Based on the study of the course materials I personally consider that the most important historical event in the history of human services profession was “Influence of African American Social Working”. While reading this history, it truly did open my eye and to see things in some different levels. Although there were few things that I thought I had knowledge of, but I was wrong. This is a history; however, these incidents are taking place in today society and its getting worst. The reason why I think this is the most import is basically because it is teaching us the history and how far the black community have come. Although, the black community still facing tribulations. Many young men are living their lives with fear. Fear of getting killed, fear of getting stopped by a cop and fear to express their feelings, and fear of by judged, fear of being treated like animals and fear of living life. As we all know that the first amendment to the US Constitution law is freedom of speech, religion and Expression”. But is the black community these laws do not exist. In addition, many Black parents are dealing with paranoia disorder without knowing it. Black parent are afraid to send their children out in public due to those massive shooting and killing of black lives. Yet, we say this is a free country not to mentioned United States. We witness many incidents where we
With the withdrawal of U.S. military troops from Iraq and the reduction in force due to federal budget constraints, thousands of military members are returning to civilian life. For some military service member the adjustment to civilian life is challenging. During the reintegration period, veterans face a variety of issues from relating to friends and family, moving to find work, entering the work force and creating a new structure within their daily lives. Not all problems can be solved, but as a step forward every veteran should be assigned a social worker and provided with better job preference within federal, state and county sections. Reintegration process has come a long way from previous years, but there are still visible issue that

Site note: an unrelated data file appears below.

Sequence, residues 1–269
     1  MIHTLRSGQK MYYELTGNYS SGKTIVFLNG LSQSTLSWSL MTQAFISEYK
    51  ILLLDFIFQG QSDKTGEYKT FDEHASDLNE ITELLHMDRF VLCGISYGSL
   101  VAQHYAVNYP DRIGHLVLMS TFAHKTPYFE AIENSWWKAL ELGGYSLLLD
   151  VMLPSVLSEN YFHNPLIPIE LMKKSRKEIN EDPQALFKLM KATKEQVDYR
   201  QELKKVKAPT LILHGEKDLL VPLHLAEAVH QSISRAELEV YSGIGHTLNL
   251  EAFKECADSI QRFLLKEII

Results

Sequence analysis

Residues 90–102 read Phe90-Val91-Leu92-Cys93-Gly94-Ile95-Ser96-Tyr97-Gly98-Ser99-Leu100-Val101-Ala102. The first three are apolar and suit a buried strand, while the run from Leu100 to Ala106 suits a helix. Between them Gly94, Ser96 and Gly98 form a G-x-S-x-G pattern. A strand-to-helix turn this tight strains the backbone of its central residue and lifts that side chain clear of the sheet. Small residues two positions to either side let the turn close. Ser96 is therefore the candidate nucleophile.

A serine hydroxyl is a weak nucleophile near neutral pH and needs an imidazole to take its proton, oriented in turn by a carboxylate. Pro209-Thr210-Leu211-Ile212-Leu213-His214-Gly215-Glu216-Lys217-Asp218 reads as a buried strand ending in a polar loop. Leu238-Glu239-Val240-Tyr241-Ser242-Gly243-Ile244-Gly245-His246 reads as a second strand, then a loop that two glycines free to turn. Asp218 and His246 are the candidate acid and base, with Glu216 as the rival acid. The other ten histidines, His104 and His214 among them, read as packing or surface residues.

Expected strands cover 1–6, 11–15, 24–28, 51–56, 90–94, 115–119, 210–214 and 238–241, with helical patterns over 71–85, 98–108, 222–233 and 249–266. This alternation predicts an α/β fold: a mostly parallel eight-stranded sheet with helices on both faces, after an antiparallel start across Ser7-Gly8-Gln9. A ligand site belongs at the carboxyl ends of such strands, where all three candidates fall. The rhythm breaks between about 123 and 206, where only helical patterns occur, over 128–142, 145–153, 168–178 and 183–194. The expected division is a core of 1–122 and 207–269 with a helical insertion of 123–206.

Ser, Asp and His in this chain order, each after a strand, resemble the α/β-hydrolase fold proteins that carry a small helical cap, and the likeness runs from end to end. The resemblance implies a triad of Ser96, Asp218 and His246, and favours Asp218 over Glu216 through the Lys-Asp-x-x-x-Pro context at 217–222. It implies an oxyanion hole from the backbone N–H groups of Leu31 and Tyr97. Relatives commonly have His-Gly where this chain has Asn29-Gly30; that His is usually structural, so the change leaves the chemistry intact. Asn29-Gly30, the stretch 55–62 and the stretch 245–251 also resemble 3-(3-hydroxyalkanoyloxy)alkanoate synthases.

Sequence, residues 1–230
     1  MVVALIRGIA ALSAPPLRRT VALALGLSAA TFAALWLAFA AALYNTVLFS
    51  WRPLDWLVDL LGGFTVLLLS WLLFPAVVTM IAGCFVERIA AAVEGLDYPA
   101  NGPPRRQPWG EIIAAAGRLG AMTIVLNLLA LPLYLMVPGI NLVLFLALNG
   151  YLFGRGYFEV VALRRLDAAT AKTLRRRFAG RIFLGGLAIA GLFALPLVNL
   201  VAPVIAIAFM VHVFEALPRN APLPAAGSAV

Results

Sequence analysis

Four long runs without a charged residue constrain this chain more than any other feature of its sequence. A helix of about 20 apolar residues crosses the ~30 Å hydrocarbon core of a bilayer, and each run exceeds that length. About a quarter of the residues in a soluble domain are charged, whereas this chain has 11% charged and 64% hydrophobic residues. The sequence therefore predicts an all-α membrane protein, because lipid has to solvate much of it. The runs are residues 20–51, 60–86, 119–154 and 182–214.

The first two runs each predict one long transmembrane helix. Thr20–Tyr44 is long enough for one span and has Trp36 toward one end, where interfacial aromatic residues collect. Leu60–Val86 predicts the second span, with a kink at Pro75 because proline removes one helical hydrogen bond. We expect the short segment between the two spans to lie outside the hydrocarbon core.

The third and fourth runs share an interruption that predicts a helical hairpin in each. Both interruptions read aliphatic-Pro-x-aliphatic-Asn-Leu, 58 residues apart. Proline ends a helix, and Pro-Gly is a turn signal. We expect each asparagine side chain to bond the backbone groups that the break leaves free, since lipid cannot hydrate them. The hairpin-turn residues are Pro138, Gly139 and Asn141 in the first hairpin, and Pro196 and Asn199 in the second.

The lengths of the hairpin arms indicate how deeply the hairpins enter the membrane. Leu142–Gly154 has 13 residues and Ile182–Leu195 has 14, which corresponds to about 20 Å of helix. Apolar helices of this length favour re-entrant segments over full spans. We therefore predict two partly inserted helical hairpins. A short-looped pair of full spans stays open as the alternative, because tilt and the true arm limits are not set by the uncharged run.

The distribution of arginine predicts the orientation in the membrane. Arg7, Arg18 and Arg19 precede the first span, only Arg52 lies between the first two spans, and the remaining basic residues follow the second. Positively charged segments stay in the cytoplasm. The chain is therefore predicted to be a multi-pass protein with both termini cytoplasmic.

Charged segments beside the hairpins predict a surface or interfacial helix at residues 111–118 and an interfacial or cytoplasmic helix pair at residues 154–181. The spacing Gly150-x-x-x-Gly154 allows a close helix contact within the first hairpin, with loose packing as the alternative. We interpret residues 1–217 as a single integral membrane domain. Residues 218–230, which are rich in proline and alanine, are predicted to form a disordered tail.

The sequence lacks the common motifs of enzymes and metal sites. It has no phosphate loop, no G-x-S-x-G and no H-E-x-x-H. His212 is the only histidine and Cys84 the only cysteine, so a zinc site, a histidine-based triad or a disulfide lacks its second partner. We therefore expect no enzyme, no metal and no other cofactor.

Upon learning from a Connecticut National Guard recruiter that I was ineligible to enlist in any branch of the United States Armed Forces due to a chronic illness that will require medication indefinitely, I was devastated. However, despite this devastation, it was my desire to serve and to be a part of the military culture that became the driving force behind the decision to become a certified Military Service Members, Veterans and Their Families – Advanced Social Worker (MVF-ASW). Even though this career does not involve being on the front lines, I can still provide direct services to the children of active duty service members as they navigate the extended deployments, frequent moves and strained familial relationships. Even though this particular credential is not mandatory to work as a youth services coordinator on a military base, it is recommended because it will provide me with the specialized knowledge and understanding of military culture that can help me to be a more effective social worker in this particular field.